Also Read: Watch: Five Revolutionary Movements Led By Common Man After Independence

Communist Manifesto- Karl Marx And Friedrich Engels 

It isn’t a revolutionary ‘book’ as such, since it was initially inculcated to be the guidelines along which the Communist League would function. The manifesto became the most influential political document, the moment it was published to the public as the Revolutions of 1848 erupted in Europe. 

As of now, the Communist Manifesto is still considered a necessary accompaniment to Das Kapital, to effectively understand the effective economic connotation alongside the political which may lead to class struggle. The standard need of a worker to control the means of production is depicted as the need of a thriving society wherein the worker is not exploited by the ruling class.

The fact that this singular parchment gave impetus and kickstarted the worker revolution and became the face of the Communist party, is reason enough for one to understand why it qualifies as revolutionary literature.

It brought hope and it still brings hope to the many millions of workers who set foot into their factories, and this parchment provided them with the means to not be exploited by the ruling class- the birth of trade unions. 

The Grapes Of Wrath- John Steinbeck

The book, written by John Steinbeck, was based on the tremendous social upheaval caused during the Great Depression in the United States of America. 

The book was based on the many migrant farmers during the economic turbulence caused due to the Great Depression. The farmers in question, in the book, had to move out of their Oklahoma residence owing to a drought, extreme economic hardships and bank foreclosures, forcing tenants out of their farms.

The farmers’ journey to California in search of jobs and a new lease of life, was one that had touched a certain nerve in the citizens’ beings. Many took to the streets and letters came pouring to the government to come up with government policies to protect the interests of tenant farmers. 

This finally led Congress to come up with binding solutions to protect the needs of the many tenant migrant farmers. Since then, the government has provided them with ample support through its policies so as to protect their beings.

The Wild Fire- Lung Ying-tai

Taiwan has been under extreme scrutiny since the very beginning of its independence from China, as it separated itself from the Chinese mainland owing to a difference in political views.

The Republic of China government of Taiwan had initiated itself as the legal and binding jurisdiction over Taiwan, while the People’s Republic of China government was the binding government of Mainland China.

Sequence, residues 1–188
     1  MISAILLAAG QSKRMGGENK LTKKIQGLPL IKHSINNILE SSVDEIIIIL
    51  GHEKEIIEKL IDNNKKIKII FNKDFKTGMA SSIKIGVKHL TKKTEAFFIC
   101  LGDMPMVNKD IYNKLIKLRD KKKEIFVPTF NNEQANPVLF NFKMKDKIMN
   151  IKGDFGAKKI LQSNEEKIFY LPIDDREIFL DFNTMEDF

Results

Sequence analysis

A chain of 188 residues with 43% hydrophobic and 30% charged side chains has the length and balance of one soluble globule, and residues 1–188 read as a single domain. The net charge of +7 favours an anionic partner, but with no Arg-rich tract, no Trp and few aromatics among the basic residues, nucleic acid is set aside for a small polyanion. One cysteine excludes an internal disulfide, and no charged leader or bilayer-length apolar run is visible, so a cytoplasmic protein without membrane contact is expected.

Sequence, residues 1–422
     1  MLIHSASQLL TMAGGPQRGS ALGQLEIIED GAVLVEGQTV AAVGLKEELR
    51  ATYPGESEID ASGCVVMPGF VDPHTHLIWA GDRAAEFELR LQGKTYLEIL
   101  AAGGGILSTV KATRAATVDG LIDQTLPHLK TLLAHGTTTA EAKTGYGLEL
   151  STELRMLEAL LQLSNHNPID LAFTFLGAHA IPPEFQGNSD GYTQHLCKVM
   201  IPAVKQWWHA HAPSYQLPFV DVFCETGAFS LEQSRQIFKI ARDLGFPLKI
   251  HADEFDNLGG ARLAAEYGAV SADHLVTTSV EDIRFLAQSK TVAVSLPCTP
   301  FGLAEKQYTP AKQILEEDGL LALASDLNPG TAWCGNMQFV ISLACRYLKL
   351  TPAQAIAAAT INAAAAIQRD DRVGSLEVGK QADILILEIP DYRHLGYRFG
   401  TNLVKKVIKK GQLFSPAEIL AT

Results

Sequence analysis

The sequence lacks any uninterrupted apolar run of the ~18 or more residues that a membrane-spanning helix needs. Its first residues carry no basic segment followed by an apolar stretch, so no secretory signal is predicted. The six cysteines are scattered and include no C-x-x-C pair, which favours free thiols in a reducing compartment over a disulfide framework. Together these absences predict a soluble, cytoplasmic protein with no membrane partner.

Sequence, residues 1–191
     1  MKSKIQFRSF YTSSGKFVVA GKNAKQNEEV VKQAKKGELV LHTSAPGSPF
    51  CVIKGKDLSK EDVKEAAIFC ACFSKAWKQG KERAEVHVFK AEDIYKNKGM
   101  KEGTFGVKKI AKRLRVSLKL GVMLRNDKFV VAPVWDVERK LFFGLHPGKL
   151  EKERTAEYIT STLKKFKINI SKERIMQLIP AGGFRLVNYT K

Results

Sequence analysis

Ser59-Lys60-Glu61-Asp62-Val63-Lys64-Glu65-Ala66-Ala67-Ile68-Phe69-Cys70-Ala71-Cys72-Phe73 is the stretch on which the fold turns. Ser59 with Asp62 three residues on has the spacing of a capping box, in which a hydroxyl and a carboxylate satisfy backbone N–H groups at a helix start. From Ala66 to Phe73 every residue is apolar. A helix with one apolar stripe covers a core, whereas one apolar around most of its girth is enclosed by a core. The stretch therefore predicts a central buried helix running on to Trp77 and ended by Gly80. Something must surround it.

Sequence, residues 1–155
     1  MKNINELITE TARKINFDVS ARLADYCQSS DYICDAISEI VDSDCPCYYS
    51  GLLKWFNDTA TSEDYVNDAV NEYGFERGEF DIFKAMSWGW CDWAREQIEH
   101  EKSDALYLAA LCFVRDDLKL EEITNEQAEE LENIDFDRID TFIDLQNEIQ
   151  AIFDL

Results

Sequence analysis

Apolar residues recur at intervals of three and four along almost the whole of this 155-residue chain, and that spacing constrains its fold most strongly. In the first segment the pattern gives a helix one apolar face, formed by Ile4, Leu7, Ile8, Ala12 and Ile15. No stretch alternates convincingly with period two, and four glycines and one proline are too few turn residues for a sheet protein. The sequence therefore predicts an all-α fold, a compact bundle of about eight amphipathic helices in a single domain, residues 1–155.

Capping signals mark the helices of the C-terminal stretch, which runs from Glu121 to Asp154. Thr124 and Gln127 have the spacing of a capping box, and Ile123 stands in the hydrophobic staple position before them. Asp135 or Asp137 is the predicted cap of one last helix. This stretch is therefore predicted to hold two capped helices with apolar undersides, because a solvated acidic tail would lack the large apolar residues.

When Taiwan declared itself as an independent country bereft of the PRC government, it had the professed one-party rule slated in the country. During the autocratic regime’s reign based out of Taiwan, Lung Ying-tai had authored a series of essays that depicted the state of life in Taiwan, back in the day.

The constant dread was rehabilitated upon with each word and these essays were then put forward in the form of a book called The Wild Fire.

Accordingly, she has been held as one of the main causes behind Taiwan’s democratization in 1985, succeeding which she went on to write about more such social deprivement perceived during those times.

As I come to the article’s conclusion, I know that I haven’t covered half of the books that have started or concerned themselves with revolution. If I went on with it then it would already be three years hence with me only being able to type out the titles of the books.

What actually stands as fact in this instance is that these books have but one thing in common- they illustrate that the real power to govern actually lies with the masses.

Thus, no matter who tells you to bow down, it will always be you who will have the power to stand and say now with your head held high.

Remember: The government works for you; You do not work for the government.

Image Sources: Google Images

Sources: Bustle, Council on Foreign Relations, Literary Hub

Connect with the blogger: @kushan257

This post is tagged under: english literature, literature review, literature meaning, review of literature, world literature day, french revolution,what is revolution,the french revolution,revolution meaning,industrial revolution,russian revolution,
socialism in europe and russian revolution,socialism in europe and the russian revolution,russia, great depression, das kapital, communist manifesto, communism, karl marx, Friedrich engels, karl marx and Friedrich engels, henry fonda, china, mao zedong, people’s republic of china, republic of china, taiwan, long march, hundred flowers campaign, bread riots, communist party of India marxist.

Other Recommendations: 

In Pics: Biggest Coups That Shaped The History Of The World


Please enter your comment!
Please enter your name here